- The Washington Times - Monday, October 13, 2003

GALVESTON, Texas — John Pistone stands on a bench in the church choir loft with a flashlight in one hand. He uses a key in his other hand to tap on the edge of an inch-long distortion among several that pockmark a white wall.

“There’s one,” Mr. Pistone said as a tiny termite briefly poked out its head before fleeing back into the darkness — and dinner.

The wood-munching insect is only one problem afflicting the 155-year-old St. Mary’s Cathedral Basilica, the mother church of all 15 Catholic dioceses in Texas. Without repairs and the money to pay for them, Mr. Pistone fears, the church could fall.

“You can only do so much and then you have to leave it in the hands of the Lord,” said Mr. Pistone, administrator of the church consecrated Nov. 26, 1848.

Repairs could require at least $5.5 million, even as one of the nation’s foremost restoration architects lends his support.

“It’s a real important church. It is fixable. And I certainly would like to see that happen,” said Joseph K. Oppermann, a restoration architect based in Winston-Salem, N.C. But “it’s going to be a challenge getting the money.”

Like so many other churches, St. Mary’s has a place in Mr. Oppermann’s heart. It was the church his family attended as he grew up in Galveston and it was where he and his four brothers attended school.

“It’s kind of a homecoming,” he said. “I know the family from the 1860s is in the church records. It has great significance to me.”

Designated by Pope John Paul II as the first basilica in Texas, St. Mary’s is in trouble after surviving countless storms, including the great hurricane of 1900 — when more than 6,000 died in the nation’s deadliest natural disaster — and even a Civil War battle.

Besides the Formosan subterranean termites, a scourge ravaging buildings along the Gulf of Mexico coast, crumbling brick, antiquated electrical wiring, mold, wood rot and structural sagging are responsible for cracking walls and buckling brilliant stained-glass windows. Two of the three towers that anchor the church are in danger of toppling.

Mr. Pistone estimates that he needs $1.5 million for emergency repairs, like shoring up the towers and putting on a new roof, and at least another $4 million to make all the other repairs “to do the job right.”

That is a tall order for a church with only 180 to 200 families as regular members, plus tourists who frequent Galveston.

So far, they have raised about $200,000.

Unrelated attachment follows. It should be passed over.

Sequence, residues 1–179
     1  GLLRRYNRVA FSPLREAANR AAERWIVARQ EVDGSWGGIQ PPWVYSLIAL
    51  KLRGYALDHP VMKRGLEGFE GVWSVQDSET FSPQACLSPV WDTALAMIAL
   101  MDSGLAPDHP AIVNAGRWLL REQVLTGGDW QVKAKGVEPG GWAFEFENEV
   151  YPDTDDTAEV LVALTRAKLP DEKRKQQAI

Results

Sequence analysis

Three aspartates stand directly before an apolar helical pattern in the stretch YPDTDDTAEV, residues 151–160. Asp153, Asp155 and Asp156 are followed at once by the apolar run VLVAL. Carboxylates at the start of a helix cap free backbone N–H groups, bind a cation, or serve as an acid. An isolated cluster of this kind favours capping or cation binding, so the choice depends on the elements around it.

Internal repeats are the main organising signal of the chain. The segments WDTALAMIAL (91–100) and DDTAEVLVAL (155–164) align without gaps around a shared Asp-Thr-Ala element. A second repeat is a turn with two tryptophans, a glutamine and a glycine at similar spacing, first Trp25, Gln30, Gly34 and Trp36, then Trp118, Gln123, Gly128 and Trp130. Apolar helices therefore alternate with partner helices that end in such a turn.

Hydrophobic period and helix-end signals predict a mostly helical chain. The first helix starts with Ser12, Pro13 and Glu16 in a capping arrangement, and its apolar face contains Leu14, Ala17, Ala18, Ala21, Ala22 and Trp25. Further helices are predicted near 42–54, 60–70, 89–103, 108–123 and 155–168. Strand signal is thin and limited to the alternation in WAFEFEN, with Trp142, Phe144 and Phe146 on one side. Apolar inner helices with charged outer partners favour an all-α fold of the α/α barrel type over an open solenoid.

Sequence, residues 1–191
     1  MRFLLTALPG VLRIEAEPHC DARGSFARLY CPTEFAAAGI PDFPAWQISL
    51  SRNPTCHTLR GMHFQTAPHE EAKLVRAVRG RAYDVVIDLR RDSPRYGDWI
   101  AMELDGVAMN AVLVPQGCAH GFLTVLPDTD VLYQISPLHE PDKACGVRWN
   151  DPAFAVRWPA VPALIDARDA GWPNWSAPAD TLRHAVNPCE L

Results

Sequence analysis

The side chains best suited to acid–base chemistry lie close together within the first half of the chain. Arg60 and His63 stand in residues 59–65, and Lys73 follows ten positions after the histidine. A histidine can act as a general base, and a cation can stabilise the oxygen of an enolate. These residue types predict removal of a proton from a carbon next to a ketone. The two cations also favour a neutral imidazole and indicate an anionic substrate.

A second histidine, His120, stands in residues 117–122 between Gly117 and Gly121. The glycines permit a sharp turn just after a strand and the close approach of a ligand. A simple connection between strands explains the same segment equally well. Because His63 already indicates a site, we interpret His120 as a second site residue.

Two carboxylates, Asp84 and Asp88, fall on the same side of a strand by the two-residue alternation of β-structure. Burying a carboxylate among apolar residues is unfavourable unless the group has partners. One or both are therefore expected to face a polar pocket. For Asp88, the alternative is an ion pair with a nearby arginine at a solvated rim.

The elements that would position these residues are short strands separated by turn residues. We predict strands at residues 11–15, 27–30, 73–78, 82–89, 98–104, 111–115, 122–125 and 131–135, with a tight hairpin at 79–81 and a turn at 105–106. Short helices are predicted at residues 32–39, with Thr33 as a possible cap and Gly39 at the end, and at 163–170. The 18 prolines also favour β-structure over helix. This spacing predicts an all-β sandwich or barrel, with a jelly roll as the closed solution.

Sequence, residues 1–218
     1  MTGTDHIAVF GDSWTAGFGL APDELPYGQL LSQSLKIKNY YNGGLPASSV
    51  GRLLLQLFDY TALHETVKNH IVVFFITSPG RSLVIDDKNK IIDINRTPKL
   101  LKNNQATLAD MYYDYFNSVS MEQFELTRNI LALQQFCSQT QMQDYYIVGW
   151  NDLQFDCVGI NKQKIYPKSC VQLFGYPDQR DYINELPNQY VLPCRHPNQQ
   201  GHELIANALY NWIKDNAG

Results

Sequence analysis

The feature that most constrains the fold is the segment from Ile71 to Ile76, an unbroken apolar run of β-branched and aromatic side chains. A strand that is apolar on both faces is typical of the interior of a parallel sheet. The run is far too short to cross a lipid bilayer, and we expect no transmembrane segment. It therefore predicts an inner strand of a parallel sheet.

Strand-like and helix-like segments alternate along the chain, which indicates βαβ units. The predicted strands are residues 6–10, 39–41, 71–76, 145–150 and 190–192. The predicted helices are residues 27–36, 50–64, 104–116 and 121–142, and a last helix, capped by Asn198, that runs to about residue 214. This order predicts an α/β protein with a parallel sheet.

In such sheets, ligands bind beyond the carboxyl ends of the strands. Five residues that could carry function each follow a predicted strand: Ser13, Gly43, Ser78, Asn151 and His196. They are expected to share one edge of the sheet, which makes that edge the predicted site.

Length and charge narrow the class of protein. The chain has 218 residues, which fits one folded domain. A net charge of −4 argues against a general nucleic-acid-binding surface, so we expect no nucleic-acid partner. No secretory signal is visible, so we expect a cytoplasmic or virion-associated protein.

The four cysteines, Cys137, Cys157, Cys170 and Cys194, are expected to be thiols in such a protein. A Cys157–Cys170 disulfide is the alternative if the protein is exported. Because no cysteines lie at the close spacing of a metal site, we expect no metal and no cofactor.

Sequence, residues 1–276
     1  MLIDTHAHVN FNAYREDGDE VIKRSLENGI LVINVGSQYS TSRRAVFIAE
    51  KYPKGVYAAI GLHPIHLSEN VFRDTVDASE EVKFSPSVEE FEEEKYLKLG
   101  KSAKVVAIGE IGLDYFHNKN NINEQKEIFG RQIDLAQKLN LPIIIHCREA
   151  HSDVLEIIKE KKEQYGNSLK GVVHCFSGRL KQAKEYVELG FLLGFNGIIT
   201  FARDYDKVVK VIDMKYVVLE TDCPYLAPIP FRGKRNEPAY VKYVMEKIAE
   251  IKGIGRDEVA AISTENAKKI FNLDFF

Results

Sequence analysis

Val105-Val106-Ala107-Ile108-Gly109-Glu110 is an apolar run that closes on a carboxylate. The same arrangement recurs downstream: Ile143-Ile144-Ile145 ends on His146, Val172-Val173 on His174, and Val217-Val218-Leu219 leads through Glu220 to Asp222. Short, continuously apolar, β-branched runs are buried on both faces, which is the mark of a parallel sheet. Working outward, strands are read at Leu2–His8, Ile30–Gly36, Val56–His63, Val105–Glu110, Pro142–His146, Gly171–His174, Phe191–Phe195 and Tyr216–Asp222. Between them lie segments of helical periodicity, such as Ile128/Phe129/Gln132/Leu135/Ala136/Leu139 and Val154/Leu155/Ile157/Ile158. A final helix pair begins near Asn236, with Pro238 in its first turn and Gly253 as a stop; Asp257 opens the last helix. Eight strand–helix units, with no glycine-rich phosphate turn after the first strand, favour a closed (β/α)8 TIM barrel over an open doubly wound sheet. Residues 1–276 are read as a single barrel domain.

“We’ve raised that without really trying,” said the Rev. John LaBauve, an 80-year-old missionary summoned out of retirement in Louisiana five years ago to serve at St. Mary’s. “When we tell [tourists] the history of the church, we get something from them. We open the mail and get a $500 check, a $1,000 check.”

Mr. Pistone wants to target Texas’ 4 million Catholics in raising funds for the repairs, although the Rev. Joseph Fiorenza, bishop of the Diocese of Galveston-Houston, where about 1.1 million Catholics live, doesn’t appear ready to endorse such a campaign.

“While the diocese had provided some funding to the parish, we still need to seek help from foundations and other generous donors to help us preserve this venerable church that is such an important part of our history,” Bishop Fiorenza said.

Construction at St. Mary’s began in 1847 — 17 months after the Republic of Texas became a state — with 500,000 bricks from Belgium. Many of those bricks, supported by rough-hewn Louisiana cedar, now can crumble with the touch of a finger.

The church is in the traditional form of the Latin cross, adorned with marble statues and dark wood pews that will seat about 400 worshippers. Countless burned candles and incense used during ceremonies over the decades have left lingering scents. A creaking 28-step staircase, its water-stained red carpet flecked with falling paint chips, spirals up one of two 80-foot towers and leads to the choir loft, where 3,000 organ pipes line the back wall.

Atop another tower over the sanctuary since 1878 is a cast-iron statue of the Virgin Mary, Star of the Sea. The lighted crown once served as a beacon for mariners looking for Galveston, which until being wiped out by the 1900 storm was the largest city in the Southwest and the commercial center of Texas.

Lesley Sommer, director of preservation and conservation services for the Galveston Historical Foundation, calls the church a “one-of-a-kind structure” significant to the city and state’s history.

“This is a structure pre-1850 and we really don’t have very many in that category that are documented,” he said.

Mr. Pistone said he sometimes locks all the doors and just sits in the church, soaking up the ambiance and praying for help.

“Lord, I lay it at your feet; you do the rest,” he said. “I may not live to see it completed, but at least I’ll see it start to be done.”

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